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Average UK house prices are now 7.6 times the average wage

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Josh Hall

Josh Hall

23 March 2017

House prices in the UK are less affordable than they have ever been since records began, according to official figures.

The latest house price survey from the Office for National Statistics (ONS) found that the average UK house now costs 7.6 times the average wage, compared with 3.6 times in 1997.

This means that house prices have increased by 259 per cent during the period, while earnings have risen by just 68 per cent.

Rises driven by London

London has seen prices rise most dramatically, with the average property in the capital now costing 12.9 times earnings – nearly twice the multiple seen in 2002. The disparity is most acute in the London borough of Kensington and Chelsea, where a resident would pay 26.4 times average earnings to secure a house.

But properties in the North East now cost 5.1 times the average wage – down on their 2007 peak of 5.8 times, but still significantly higher than the 3.3 multiple seen in 2002.

Price gap widening

The survey also showed a stark gap in median property prices across the country. The highest median price was seen in Westminster, where the average property costs £2.92 million, while the lowest was recorded in part of County Durham, at £24,500.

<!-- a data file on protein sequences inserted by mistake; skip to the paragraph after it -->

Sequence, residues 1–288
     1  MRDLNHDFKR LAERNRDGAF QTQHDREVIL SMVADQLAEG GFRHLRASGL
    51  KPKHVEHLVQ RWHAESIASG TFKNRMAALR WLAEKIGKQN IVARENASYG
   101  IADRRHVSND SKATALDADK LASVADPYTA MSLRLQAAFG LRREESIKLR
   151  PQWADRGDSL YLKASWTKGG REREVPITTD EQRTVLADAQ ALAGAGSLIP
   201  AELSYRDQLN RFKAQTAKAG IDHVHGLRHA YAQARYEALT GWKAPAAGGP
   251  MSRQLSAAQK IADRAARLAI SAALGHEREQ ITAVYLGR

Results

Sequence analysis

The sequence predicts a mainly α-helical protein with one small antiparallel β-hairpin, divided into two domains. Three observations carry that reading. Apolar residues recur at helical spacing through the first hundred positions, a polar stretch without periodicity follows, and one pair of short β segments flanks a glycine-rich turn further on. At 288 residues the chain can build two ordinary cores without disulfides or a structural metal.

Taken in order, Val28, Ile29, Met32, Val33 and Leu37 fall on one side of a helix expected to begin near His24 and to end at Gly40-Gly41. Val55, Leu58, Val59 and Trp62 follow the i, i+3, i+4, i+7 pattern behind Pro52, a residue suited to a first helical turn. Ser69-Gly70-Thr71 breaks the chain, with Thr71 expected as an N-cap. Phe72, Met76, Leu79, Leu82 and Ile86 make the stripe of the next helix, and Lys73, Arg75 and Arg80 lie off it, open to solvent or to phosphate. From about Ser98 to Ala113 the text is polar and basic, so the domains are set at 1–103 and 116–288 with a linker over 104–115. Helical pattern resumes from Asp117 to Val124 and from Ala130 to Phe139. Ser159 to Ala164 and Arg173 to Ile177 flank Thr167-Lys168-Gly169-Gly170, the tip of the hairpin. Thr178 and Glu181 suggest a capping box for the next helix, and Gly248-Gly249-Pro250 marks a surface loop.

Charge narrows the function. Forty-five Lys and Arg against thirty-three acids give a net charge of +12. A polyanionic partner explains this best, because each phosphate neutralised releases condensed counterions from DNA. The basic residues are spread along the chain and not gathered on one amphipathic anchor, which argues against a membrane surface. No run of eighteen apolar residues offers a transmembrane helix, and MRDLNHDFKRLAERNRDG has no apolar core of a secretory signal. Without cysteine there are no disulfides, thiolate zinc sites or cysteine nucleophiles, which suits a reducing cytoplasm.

According to the ONS, “the house price gap has been growing in recent years.” The figures suggest that the cheapest properties are becoming cheaper, while the most expensive are increasing in price.

Home ownership in Britain is now at its lowest level since 1985, and is nearly 10 per cent lower than at its 2003 peak. Some 62.9 per cent of Britons now own their property, compared with 71 per cent in 2003.

What does this mean for landlords?

High house prices and the fall in home ownership mean that rental demand is staying strong, and Simply Business data shows that most landlords plan to raise their rent this year. However, steep property prices coupled with tough buy-to-let tax changes could squeeze some landlords out of the market.

And the growing gap between the most expensive parts of the country and the cheapest parts of the country can be seen in rental yield too. In central London, rental yields have fallen, while the cheaper North East has seen a surge in yields and a high level of optimism amongst local landlords.

How do you think property prices will affect you? Tell us in the comments.

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